IN THE EIGHTH season of Call the Midwife, set in post-war east London, nuns and nurse midwives of Nonnatus House assist a woman with severe complications from a “backstreet” abortion. Sister Julienne says to a young nurse, “The word ‘midwife’ means ‘with-woman.’ A woman in that situation needs somebody by her side.”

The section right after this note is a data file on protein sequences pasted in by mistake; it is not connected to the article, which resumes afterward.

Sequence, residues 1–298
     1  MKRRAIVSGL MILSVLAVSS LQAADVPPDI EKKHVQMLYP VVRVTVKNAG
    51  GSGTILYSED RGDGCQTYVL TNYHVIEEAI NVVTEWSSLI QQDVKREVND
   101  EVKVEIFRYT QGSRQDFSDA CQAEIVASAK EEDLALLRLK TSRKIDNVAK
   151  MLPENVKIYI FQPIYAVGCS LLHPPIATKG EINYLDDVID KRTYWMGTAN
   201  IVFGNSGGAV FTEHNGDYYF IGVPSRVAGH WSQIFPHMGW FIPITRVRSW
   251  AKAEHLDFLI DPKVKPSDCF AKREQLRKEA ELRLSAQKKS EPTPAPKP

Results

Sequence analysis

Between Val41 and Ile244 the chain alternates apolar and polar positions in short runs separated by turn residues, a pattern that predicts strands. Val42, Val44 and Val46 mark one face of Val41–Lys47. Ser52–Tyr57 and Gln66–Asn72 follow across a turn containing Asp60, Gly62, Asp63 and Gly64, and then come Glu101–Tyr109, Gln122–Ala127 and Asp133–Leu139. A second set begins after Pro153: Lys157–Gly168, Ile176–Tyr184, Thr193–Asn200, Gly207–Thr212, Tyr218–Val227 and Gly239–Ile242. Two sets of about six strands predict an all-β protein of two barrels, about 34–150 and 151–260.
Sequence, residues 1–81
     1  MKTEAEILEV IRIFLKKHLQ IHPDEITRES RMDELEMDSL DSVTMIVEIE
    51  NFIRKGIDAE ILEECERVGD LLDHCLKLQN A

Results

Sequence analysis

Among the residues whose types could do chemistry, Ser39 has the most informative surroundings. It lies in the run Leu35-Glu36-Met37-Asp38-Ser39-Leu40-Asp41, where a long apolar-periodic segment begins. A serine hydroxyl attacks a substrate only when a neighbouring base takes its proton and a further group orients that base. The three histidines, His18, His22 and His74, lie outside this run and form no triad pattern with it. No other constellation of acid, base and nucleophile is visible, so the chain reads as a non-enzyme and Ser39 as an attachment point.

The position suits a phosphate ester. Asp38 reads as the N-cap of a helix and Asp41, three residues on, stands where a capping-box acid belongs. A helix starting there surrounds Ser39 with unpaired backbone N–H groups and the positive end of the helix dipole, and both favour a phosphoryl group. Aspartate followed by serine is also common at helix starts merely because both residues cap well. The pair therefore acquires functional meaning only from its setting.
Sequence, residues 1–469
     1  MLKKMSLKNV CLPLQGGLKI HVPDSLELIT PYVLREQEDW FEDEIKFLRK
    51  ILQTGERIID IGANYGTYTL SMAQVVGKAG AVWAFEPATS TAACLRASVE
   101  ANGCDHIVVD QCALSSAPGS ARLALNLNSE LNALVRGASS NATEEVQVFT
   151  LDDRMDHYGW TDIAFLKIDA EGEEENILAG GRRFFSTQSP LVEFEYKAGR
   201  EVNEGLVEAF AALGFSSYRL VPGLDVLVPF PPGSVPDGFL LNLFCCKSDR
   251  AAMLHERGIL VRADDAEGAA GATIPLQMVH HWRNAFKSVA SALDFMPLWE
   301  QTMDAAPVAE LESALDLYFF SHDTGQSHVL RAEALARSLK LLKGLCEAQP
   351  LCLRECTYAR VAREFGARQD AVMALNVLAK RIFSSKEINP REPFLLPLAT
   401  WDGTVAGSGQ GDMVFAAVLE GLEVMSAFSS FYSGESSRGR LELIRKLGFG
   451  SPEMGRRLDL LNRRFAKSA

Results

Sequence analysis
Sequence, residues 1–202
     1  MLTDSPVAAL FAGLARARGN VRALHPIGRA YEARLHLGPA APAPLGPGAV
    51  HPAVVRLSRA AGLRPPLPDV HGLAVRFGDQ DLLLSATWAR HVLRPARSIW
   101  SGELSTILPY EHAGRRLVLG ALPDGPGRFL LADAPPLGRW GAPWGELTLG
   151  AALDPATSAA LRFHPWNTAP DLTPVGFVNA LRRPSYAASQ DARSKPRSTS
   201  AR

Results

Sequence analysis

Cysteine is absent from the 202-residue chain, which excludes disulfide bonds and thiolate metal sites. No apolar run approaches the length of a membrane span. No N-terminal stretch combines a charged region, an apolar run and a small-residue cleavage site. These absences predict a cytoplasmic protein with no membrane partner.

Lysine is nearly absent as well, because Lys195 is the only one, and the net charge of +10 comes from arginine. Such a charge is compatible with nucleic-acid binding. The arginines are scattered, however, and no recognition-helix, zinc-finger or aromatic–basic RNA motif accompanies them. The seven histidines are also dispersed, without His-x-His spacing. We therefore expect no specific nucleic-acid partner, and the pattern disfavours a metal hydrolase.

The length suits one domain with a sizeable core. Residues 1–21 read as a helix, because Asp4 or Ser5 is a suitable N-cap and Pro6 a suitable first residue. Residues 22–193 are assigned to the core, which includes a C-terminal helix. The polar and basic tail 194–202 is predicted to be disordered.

I’m pro-choice, which was an unpopular stance in the Catholic community I grew up in. For my views on reproductive rights, people in youth group called me a “baby killer” and “Pontius Pilate.” During Advent, specifically, I loathed the hollow teachings on Mary and childbirth. We sanitized the Nativity into a cute story — the equivalent of a Disney movie featuring a white family and a manger crowded with men. Only recently did I learn that some scholars believe that midwives attended Jesus’ birth. As reproductive freedom and care are further undermined in the United States, this is an apt time to reclaim a more feminist view of the Nativity and rethink Advent as the season of the midwife.